“Butterball” at Cotuit Center for the Arts Cotuit Center for the Arts presents “Butterball,” a new and “highly inappropriate” Thanksgiving comedy by Bronwen Prosser, in the Black Box Theater November 5 to 22. Performances are Thursday through Saturday at 8 PM and Sunday at 2 PM. “Butterball” takes the dysfunctional family holiday to a whole new level of absurdity. “It’s a raucous and unconventional concoction of murder, mayhem, parlor games, and a Thanksgiving turkey,” said Woods Hole playwright Bronwen Prosser, who has written and directed several other plays including “The Caretaker,” “Church,” and “The Make-Out Queen.” Her most recently play is “Face East,” which she wrote under the Kaplan Foundation Four Squared grant.
“The one-hour, one-act play is “unlike anything I’ve ever written,” she said, “as well as an homage to the end of an era in this Black Box Theater. I love this space and have found a theatrical home here, thanks to executive director David Kuehn’s fabulous habit of saying ‘yes’ so often. I wrote this one specifically for the space and for the actors I wanted to use.” Diane Quaid plays Flora, the matriarch, who has given her prodigal son Harry, played by Elliott Sicard, the responsibility of cooking the turkey for the first time. In his late 20s, he is still held in his mother’s iron grip and molded by her language. They are joined for Thanksgiving by Norbert Brown as “Uncle Dickie,” Flora’s illicit lover, his daughter Clarabelle, played by Aisha Stewart, and his wife, referred to only as Wife, who is played by Liz Brown. Prosser describes “Butterball” as “almost a contemporary period piece” because of the “super-flowery” language that Flora uses. “It’s an incredibly fun show,” said Prosser. “The holidays are a time of heightened energy, and of unobtainable, often crippling, expectations of ourselves and our families. It’s so universal, and so are all the neuroses of family members. I am looking at that in an absurd, cathartic way, and the cast and I find ourselves laughing at the bizarreness of the play, and finding relief in utter strangeness of these characters.” Quaid has appeared in numerous theatrical productions for Cotuit Center for the Arts, including “Lucia Mad,” “Joyful Noise,” “Christmas Punch,” “Center of Gravity,” and “Grey Gardens,” as well as with the Barnstable Comedy Club, the Bluestone Actors’ Project, Cape Cod Community College, Eventide Arts, Falmouth Theater Guild, the Woods Hole Theater Company, and others.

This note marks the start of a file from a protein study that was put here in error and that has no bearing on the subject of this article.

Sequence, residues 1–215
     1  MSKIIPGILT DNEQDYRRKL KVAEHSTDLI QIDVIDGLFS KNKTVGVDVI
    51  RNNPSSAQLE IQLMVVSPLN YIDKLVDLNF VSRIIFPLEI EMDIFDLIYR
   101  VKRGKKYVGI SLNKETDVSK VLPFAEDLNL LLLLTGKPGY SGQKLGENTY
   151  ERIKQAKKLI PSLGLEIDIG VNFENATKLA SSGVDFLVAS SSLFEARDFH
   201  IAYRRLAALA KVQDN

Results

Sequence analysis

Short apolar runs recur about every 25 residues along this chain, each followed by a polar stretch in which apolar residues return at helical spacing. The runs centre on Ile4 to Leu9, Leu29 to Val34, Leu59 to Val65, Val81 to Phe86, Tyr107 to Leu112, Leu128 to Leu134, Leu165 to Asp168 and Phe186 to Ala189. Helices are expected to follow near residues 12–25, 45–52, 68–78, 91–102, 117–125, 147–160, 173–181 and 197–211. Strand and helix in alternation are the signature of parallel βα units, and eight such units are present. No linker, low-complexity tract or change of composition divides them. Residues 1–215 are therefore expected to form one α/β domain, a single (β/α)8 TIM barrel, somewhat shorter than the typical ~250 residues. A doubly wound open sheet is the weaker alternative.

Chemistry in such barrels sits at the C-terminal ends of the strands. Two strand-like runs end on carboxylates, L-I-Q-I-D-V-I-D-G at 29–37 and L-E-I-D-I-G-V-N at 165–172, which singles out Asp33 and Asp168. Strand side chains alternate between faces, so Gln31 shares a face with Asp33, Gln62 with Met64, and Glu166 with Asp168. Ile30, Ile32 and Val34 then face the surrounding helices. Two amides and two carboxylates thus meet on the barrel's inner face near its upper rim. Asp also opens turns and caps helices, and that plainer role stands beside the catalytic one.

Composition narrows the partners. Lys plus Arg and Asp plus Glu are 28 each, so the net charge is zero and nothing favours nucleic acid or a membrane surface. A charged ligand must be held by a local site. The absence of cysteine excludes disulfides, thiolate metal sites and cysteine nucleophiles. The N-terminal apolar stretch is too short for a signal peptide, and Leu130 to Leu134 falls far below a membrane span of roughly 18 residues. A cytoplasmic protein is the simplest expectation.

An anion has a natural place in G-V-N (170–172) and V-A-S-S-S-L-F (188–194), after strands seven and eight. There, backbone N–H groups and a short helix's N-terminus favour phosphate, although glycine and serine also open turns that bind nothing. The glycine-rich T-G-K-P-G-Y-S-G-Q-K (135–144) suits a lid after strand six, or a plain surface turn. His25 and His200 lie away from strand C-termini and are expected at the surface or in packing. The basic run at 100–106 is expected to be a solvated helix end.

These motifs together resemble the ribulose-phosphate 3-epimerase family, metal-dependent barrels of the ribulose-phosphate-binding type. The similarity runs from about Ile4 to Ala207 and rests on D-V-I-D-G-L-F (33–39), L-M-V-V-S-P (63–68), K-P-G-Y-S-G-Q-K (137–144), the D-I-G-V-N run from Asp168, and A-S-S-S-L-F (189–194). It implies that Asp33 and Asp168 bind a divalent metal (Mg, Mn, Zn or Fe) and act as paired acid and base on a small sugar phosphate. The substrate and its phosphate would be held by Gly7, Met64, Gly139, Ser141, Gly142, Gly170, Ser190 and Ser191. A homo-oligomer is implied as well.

Sicard has been in four CCftA shows including “Bark Park,” “Stop Kiss,” “Two Rooms,” and “The Pirates of Penzance.” He teaches English and theater at Sandwich High School. Stewart has appeared in many plays at CCftA, including “Stop Kiss,” “Moby Dick! The Musical,” “Center of Gravity,” and “The Vagina Monologues.” Norbert Brown has appeared in “Stop Kiss,” “Black Comedy,” “Becky’s New Car,” and with the Toby Britches Improv Group at CCftA. Liz Brown has appeared in “Sordid Lives” and with the Toby Britches Improv Group at CCftA. Prosser cautions that, due to language and themes, the play is not suitable for children.
Prosser graduated from UMass Boston with a self-study major in Women and Performance and from New York’s Atlantic Theater Company Acting School. She has appeared in shows in Chicago, New York, and Boston, as well as in the Sundance syndicated web series “Sparks” and the short film, “Breaker,” for which she received a Best Actress award. She appeared as Sister James in CCftA’s production of “Doubt,” and teaches performance and writing classes at the center as well.
Tickets are $15, $12 for members. Cotuit Center for the Arts is at 4404 Route 28 in Cotuit. For more information, visit artsonthecape.org or call 508-428-0669. # # # What: